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Simple machines are mechanical devices that are used to make work easier. Combinations of two or more simple machines working together are called compound machines. These machines create systems for different kinds of movement to occur when force is applied to a load. Both simple and compound machines make work easier by changing the size or direction of the force. There are six standard types of simple machines. They are the:
- Wheel and axle
- Inclined plane
Let us consider the first of these simple machines: the lever.
When you hear the word “machine” do you automatically think of something with a motor, like a forklift or a washing machine? Machines do not have to have motors. In fact, a machine is any device that transmits or modifies force.
What is a Lever?
A lever is a simple machine made of a rigid beam and a fulcrum. The effort (input force) and load (output force) are applied to either end of the beam. The fulcrum is the point on which the beam pivots. When an effort is applied to one end of the lever, a load is applied at the other end of the lever. This will move a mass upward. Levers rely on torque for their operation. Torque is the amount of force required to cause an object to rotate around its axis (or pivot point).
What is mechanical advantage?
A lever provides mechanical advantage. Mechanical advantage refers to how much a simple machine multiplies an applied force. The location of the effort, load, and fulcrum will determine the type of lever and the amount of mechanical advantage the machine has. The farther the effort is away from the fulcrum, the easier it is to move the load.
Mechanical advantage can be calculated using this formula:
If the distance from the effort to the fulcrum is greater than the distance from the load to the fulcrum, then the lever has a mechanical advantage. In other words, the ratio of these two distances is greater than one. This means that a long distance from the effort to the fulcrum and a short distance from the load to the fulcrum will allow a small effort to move a large load!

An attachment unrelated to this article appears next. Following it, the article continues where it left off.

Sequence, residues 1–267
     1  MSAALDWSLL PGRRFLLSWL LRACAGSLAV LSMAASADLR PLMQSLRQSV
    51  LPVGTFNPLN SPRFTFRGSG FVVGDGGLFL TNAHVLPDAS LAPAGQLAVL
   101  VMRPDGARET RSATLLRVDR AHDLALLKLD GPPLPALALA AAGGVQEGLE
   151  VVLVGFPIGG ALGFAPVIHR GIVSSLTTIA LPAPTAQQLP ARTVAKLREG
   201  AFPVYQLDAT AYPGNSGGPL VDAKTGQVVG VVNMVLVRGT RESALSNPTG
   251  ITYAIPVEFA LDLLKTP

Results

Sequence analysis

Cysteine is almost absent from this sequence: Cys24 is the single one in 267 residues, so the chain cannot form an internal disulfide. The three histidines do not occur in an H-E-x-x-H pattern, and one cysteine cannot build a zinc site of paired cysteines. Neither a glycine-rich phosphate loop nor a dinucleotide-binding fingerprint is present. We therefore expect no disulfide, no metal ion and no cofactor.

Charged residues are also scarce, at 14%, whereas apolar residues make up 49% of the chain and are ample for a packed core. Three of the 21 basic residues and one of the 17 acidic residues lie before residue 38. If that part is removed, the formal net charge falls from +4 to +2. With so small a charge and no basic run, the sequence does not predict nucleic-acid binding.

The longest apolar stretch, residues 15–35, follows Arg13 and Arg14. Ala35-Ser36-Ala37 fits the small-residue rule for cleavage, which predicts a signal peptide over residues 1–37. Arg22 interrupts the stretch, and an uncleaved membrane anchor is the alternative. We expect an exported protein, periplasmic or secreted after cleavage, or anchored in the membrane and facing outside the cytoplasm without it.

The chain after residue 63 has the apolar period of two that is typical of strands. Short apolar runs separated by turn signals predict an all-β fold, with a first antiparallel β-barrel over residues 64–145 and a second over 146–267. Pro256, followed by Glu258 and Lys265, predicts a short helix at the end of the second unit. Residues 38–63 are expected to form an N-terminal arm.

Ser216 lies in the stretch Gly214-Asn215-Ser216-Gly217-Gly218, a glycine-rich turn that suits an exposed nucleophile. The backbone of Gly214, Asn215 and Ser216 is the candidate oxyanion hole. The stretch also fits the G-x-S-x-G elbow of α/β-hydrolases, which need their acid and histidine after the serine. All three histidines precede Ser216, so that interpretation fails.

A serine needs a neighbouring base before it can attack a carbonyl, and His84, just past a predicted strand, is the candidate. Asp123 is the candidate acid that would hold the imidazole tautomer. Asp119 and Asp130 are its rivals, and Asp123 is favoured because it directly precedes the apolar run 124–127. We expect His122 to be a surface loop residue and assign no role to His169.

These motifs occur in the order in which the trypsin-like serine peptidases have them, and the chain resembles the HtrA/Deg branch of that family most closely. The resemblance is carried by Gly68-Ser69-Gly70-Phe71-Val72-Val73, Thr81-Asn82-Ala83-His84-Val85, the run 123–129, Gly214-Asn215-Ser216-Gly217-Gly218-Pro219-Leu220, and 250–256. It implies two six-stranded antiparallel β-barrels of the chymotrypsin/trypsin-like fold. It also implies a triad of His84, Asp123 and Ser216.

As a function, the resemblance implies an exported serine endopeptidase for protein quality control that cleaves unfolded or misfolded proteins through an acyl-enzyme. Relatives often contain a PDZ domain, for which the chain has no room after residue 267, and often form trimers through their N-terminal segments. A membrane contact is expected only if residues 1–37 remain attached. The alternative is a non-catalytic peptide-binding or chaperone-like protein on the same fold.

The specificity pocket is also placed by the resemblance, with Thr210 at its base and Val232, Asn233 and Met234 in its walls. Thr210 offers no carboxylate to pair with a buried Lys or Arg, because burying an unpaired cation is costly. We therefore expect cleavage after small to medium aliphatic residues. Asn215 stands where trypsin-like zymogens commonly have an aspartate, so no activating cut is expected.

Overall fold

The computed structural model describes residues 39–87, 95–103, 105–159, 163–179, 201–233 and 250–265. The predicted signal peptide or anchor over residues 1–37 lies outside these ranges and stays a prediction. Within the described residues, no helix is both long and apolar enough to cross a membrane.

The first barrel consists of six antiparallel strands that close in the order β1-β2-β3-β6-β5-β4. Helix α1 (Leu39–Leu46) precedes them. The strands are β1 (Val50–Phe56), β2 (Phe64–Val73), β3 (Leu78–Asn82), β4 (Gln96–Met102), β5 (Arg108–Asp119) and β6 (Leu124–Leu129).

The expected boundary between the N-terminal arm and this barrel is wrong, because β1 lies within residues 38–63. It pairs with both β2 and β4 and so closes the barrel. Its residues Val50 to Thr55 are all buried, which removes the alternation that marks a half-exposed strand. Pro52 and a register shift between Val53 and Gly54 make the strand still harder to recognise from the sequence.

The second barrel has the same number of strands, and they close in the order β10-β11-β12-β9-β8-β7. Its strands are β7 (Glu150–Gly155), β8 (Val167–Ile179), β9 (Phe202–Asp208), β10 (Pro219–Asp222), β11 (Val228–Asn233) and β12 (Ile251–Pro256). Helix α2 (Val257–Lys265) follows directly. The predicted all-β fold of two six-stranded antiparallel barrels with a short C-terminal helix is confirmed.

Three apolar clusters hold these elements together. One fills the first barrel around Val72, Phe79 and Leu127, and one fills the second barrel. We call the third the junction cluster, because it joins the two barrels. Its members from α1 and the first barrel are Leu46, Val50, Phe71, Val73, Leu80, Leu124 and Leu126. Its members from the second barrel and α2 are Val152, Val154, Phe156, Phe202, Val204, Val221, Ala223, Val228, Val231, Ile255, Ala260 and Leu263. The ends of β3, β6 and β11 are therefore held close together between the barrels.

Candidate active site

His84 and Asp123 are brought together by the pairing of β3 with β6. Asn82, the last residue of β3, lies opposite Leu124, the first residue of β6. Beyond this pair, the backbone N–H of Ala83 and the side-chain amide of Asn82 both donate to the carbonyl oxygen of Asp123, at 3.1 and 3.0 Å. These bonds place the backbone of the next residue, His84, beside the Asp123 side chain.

First Class Levers
There are three types, or classes of levers.
In a first class lever, the fulcrum is located between the load and the effort.
If the fulcrum is closer to the load, then less effort is needed to move the load a shorter distance. If the fulcrum is closer to the effort, then more effort is needed to move the load a greater distance. A teeter-totter, a car jack, and a crowbar are all examples of first class levers. First class levers are very useful for lifting large loads with little effort.
Second Class Levers
In a second class lever, the load is located between the effort and the fulcrum.
If the load is closer to the fulcrum than the effort, then less effort will be required to move the load. If the load is closer to the effort than the fulcrum, then more effort will be required to move the load. A wheelbarrow, a bottle opener, and an oar are examples of second class levers.
Third Class Levers
In a third class lever, the effort is located between the load and the fulcrum.
If the fulcrum is closer to the load, then less effort is needed to move the load. If the fulcrum is closer to the effort, then the load will move a greater distance. A pair of tweezers, swinging a baseball bat or using your arm to lift something are examples of third class levers. These levers are useful for making precise movements.
Levers are very useful simple machines used for transferring force. You may not realize it, but you use levers every day!